Office of the Vermont Attorney General

Attorney General Donovan Joins Lawsuit to Preserve California’s Advanced Clean Car Standards

November 15, 2019

Contact: Nicholas F. Persampieri, Assistant Attorney General, (802) 828-3171

 

Attorney General T.J. Donovan joined a coalition of states to file a lawsuit opposing the Environmental Protection Agency’s (EPA) attempt to revoke portions of a waiver it previously granted to the State of California permitting the state to implement its greenhouse gas (GHG) and zero emission vehicle (ZEV) standards. Today’s action, filed in the D.C. Circuit Court of Appeals, is part of the states’ ongoing fight to protect California’s Advanced Clean Car Standards. The California standards, which are more protective than those established by the federal government, are followed, in whole or in part, by 13 other states – including Vermont. They are a key part of state-level efforts to protect public health, clean air, and the environment.

“Protecting our environment is a Vermont value. The climate crisis is real, and we have to do what we can to address this crisis,” said Attorney General Donovan. “I am proud that Vermont is a national leader in the fight for clean air. Today’s filing continues that fight. We will remain strong in our opposition to any federal action that threatens Vermont’s ability to limit greenhouse gases entering our environment and especially when federal action threatens our chosen vehicle emission standards.”

The states’ filing also includes a protective petition that asks the D.C. Circuit to review a separate regulation by National Highway Traffic Safety Administration (NHTSA), which is designed to preempt California’s GHG and ZEV standards. On September 20, 2019, Attorney General Donovan, along with 23 other attorneys general and two cities, filed a lawsuit in the District Court in Washington, D.C. alleging that NHTSA’s preemption regulation is unlawful and should be vacated. The federal government has moved to dismiss that case on the grounds that it belongs in D.C. Circuit Court, and briefing is ongoing. While the states maintain that the District Court has jurisdiction in this challenge, in the event the Court disagrees the protective portion of today’s petition preserves the states’ ability to challenge NHTSA’s preemption regulation.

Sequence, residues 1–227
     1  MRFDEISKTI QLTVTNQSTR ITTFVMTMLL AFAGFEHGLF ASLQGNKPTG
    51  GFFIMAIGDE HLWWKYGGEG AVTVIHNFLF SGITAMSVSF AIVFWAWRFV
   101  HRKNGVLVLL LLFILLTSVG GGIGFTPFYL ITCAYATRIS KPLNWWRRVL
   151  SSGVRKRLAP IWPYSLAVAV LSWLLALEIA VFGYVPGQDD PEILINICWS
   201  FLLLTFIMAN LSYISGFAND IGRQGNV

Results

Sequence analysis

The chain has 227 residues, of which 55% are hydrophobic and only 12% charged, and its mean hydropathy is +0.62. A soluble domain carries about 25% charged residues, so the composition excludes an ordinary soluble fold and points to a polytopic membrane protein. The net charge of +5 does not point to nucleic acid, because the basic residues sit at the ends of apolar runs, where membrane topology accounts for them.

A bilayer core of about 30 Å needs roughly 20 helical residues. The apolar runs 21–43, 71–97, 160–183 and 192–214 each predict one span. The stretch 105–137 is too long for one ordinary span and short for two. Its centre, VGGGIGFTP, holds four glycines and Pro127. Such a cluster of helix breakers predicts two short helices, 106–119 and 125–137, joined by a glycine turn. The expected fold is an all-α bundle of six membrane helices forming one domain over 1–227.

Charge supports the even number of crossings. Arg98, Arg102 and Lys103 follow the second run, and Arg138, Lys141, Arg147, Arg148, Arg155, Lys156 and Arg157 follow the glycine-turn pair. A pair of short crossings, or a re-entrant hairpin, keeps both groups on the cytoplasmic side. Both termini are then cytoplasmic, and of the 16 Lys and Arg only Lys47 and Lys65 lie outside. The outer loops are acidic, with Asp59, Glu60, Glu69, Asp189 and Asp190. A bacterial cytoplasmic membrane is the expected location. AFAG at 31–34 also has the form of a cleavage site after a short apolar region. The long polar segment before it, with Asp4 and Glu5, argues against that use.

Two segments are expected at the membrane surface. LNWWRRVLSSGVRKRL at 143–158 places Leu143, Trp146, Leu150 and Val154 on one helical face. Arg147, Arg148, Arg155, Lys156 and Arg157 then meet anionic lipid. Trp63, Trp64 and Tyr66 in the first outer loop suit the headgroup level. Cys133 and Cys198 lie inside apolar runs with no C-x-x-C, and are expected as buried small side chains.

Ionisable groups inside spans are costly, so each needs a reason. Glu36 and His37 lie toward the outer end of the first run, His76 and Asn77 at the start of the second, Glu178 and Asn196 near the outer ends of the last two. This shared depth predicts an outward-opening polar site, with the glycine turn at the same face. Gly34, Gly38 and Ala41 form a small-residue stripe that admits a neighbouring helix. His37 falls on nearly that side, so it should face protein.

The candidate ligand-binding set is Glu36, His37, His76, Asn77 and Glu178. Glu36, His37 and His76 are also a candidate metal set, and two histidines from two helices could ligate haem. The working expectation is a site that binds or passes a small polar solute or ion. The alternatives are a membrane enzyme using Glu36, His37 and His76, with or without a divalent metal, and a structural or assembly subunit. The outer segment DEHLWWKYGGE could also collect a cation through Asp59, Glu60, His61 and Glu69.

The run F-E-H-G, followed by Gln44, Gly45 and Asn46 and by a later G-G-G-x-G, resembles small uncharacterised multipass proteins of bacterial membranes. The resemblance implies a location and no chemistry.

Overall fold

Under the federal Clean Air Act, California may obtain a waiver from the EPA to set its own vehicle emissions standards that are at least as protective as the federal government’s standards. Vermont and other states have the option to adopt California’s standards. Over the past 50 years, the EPA has granted more than 100 waivers for California standards. In January 2012, California adopted its comprehensive Advanced Clean Cars Program for cars and light duty trucks for model years 2017 through 2025. The program combines the control of smog-causing pollutants and GHG emissions into a single coordinated package. The program improves air quality and curbs GHG while saving drivers money at the pump.

Joining Attorney General Donovan in today’s filing are the attorneys general of California, Colorado, Connecticut, Delaware, Hawaii, Illinois, Maine, Maryland, Massachusetts, Michigan, Minnesota, Nevada, New Jersey, New Mexico, New York, North Carolina, Oregon, Pennsylvania, Rhode Island, Virginia, Washington, Wisconsin, and the District of Columbia; along with the cities of Los Angeles and New York.

Last modified: November 15, 2019